I can also see why some might not take to Tom Burke’s “actorly” portrayal of John Rosmer. Mr Burke has a particular intonation and delivery, (last see by us in Schiller’s Don Carlos), which doesn’t always ring true but it does make his character’s intellectual life explicit. You make not entirely accept what Rosmer is feeling here, especially when it comes to his guilt about Beata, but you certainly now what he is thinking. Set against Ms Attwell’s restless, impulsive Rebecca, whose “freedom” almost overwhelms her, and Giles Terera’s inflexible, but oh so reasonable, brother-in-law Andreas Kroll, his anguished, grieving Rosmer soon makes sense.

The tension between the Rosmer’s heritage as a rich aristo at the heart of local society who has lost his clerical mojo and the progressive leanings fuelled by Rebecca, and by Jake Fairbrother’s cynical reformist journo Peter Mortensgaard, all set around local elections, is pummelled to a pulp by Ibsen, MacMillan and cast, but that is what gives the arguments universality. The way in which values inform political positions, the way in which the press turns ugly and fans the flames, the struggle between engagement or withdrawal, (here taken to its ultimate, Romantic, conclusion). Lay on top the clarion feminist call that Rebecca represents, the doomed passion that follows Rebecca and Rosmer’s meeting of the minds and the dissolution of Peter’s Wright’s knackered Ulrik Brendel, Rosmer’s ex-teacher, the hypocritical foil to the buttoned up Kroll, and you have the full Ibsen package of contradiction.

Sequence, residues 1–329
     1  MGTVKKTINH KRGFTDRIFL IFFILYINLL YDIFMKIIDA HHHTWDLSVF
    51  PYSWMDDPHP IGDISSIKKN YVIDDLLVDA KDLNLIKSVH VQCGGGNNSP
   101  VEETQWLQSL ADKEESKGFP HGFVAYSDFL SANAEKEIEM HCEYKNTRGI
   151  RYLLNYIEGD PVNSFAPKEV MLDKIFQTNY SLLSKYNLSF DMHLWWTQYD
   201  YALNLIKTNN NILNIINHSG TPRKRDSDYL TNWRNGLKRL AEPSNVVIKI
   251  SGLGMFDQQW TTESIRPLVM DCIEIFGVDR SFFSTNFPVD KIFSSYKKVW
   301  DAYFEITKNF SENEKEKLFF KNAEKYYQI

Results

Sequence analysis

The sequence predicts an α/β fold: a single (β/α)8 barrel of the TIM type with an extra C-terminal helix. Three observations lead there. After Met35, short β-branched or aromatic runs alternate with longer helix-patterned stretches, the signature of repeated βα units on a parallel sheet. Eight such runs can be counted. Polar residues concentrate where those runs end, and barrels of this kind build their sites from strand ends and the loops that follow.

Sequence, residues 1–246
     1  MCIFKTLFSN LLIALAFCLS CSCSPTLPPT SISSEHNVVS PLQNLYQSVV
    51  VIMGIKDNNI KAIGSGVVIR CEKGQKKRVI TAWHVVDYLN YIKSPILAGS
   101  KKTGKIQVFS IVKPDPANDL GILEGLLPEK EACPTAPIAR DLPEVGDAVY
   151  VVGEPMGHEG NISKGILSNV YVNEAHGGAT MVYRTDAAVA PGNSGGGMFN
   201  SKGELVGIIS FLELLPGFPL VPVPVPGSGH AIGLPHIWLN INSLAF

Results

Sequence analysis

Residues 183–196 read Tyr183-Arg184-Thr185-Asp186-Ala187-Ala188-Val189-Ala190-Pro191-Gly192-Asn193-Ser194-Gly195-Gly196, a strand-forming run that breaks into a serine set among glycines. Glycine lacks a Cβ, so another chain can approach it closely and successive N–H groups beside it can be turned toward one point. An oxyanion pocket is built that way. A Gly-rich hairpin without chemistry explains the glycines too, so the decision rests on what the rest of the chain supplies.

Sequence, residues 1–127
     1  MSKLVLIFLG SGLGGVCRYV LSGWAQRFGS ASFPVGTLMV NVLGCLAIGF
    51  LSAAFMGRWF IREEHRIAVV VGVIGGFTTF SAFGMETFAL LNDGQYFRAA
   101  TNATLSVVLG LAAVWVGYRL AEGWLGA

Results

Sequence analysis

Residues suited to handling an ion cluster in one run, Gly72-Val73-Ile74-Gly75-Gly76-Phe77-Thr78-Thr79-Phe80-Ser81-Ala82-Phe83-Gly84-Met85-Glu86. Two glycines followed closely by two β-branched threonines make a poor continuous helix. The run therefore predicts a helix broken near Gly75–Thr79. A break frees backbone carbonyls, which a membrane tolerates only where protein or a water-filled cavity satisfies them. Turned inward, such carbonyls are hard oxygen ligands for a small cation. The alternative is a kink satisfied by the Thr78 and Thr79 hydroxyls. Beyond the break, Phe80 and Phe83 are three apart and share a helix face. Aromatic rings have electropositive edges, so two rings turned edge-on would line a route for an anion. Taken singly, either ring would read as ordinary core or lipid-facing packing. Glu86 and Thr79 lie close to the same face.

Rae Smith has conjured up another elegant set. Much like Mike Britton’s construction for the Royal and Derngate’s Ghosts which the Tourist relished a few days earlier, authenticity was key, but here the faded grandeur of a long unused reception room in Rosmer’s ancestral pile was imagined. Lined with ancestral portraits which Rebecca instructs the staff to reveal from under dust covers at the opening, the new broom, (apparently the original text calls for Rebecca to sit in a chair knitting before the first line). Later on, just to make sure we haven’t missed them, Rosmer chucks flowers at his forebears. Neil Austin’s lighting design takes full advantage of the possibilities of the setting, as does Gregory Clarke’s sound. The servants are omni-present reminding Rosmer of his position and creating swish scene changes but only the pithy housekeeper Mrs Helseth (Lucy Briers) gets to chip in with dialogue. And big respect to whoever signed off the health and safety papers for the aqueous resolution.

As with Ghosts as I was leaving I overheard some punters saying that they liked the actors but that it was a bit “word-y”. I am going to say this fully aware of just what a patronising c*nt it makes me sound like but …. it is not just about whether you recognise the cast from the telly and …. it is a play …. it is supposed to be “word-y”.

The Birthday Party at the Harold Pinter Theatre review ****

harold-pinter-atp

The Birthday Party

Harold Pinter Theatre, 21st March 2018

Look into his eyes. look right into his eyes. Old Harold Pinter didn’t seem that menacing did he? But, as you well know, he created a whole genre of “comedy” presenting the violent and sinister which lurks below the everyday and which still resonates with playwrights today, And some.